Such quotes could sound cliched if he didn’t back them up. For instance — regarding the day he shed more blood than one should for a TV show — he said, “I was completely and utterly obsessed with finishing this fight.” And you know he’s serious. He wasn’t there for himself, he was there for the show, for the art, for the story, and they were going to get this scene — even if it meant forever scarring the face that supports his career.
The short version of the story is that Tucker got clocked, hard, right in the face by a real MMA fighter, and he needed stitches before they could finish shooting a pivotal scene. But the long story, which takes a bit of prying to get out of Tucker, is much better.
“In that scene, I was fighting Jay ‘Thoroughbred’ Hieron, who is a terrific MMA star and weights probably 35 to 40 pounds more than I do — at least — because in the story, I was fighting significantly above my weight class,” Tucker said. “In the scene, he picks me up and puts me down on the mat and then he puts me in a position called ‘full mount,’ which means both of his knees are over my shoulders or over the sides of my arms. So he’s fully mounting me, and he comes down with an elbow. He puts that elbow into the ether of the heavens and then drops it right down into my head.”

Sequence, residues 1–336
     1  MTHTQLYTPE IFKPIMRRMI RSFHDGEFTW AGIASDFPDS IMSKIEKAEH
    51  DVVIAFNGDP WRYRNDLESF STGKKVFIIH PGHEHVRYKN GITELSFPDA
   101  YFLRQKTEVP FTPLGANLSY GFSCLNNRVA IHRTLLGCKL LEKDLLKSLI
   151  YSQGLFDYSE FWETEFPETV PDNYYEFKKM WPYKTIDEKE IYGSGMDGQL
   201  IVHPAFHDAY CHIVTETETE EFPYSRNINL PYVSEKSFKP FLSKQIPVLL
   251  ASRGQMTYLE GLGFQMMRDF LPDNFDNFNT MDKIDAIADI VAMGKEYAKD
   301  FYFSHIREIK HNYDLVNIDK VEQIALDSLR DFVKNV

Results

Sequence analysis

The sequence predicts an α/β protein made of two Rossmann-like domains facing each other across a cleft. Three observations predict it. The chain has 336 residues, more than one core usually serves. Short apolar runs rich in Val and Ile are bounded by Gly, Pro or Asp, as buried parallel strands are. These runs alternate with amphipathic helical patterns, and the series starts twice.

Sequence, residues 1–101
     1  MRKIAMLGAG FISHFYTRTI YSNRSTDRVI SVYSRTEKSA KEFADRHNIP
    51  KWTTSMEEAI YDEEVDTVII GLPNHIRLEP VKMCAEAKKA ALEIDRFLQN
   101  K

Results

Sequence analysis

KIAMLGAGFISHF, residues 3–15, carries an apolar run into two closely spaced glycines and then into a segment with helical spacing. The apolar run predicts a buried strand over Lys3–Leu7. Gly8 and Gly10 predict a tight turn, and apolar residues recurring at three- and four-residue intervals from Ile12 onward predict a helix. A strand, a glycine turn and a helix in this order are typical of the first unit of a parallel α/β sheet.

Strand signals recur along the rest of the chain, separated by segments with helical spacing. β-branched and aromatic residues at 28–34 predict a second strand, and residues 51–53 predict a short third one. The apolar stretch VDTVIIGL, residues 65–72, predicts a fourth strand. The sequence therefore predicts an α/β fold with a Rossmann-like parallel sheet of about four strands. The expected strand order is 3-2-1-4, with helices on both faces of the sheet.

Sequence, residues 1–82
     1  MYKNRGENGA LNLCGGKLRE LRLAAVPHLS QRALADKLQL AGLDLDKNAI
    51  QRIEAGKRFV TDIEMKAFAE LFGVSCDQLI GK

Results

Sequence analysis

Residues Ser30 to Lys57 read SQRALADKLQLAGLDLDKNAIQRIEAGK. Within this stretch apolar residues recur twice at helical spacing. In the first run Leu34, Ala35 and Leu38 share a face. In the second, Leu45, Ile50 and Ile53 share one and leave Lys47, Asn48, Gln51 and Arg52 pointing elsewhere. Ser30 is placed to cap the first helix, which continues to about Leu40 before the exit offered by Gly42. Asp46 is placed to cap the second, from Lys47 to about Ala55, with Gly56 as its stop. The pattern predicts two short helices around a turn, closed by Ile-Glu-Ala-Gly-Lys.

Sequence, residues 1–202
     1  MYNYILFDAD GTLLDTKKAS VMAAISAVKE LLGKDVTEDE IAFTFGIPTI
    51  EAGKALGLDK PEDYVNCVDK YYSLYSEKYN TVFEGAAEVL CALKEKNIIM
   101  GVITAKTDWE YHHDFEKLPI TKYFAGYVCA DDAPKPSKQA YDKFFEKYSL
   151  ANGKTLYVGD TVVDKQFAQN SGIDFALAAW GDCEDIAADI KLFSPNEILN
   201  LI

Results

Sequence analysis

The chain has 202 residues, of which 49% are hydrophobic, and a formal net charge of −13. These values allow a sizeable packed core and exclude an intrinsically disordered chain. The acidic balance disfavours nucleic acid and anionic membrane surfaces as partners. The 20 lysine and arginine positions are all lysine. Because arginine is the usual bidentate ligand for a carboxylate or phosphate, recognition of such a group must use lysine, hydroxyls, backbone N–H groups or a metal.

Tucker blamed “a miscommunication” between himself and Hieron for what happened next.
“He opened my eye up a good three inches — a good gash, but it looked a lot worse than it ultimately ended up being when the stitches went in at Cedar Sinai at one in the morning.”
The “miscommunication” happened before lunch, so why did it take so long for Tucker to get stitches for the bloody gash in his face? He had to finish the fight.
“I spent all this time rehearsing this scene, and the fight choreography is really what gives our show street credentials for so many of the MMA fans,” Tucker said, again crediting the crew, trainers, and choreographers. But he wanted to help build that legitimacy, too.
“I did not want to go to the hospital. I wanted to finish the scene up,” Tucker said. “They said ‘super glue’ and they super glued my eye closed as much as they could.”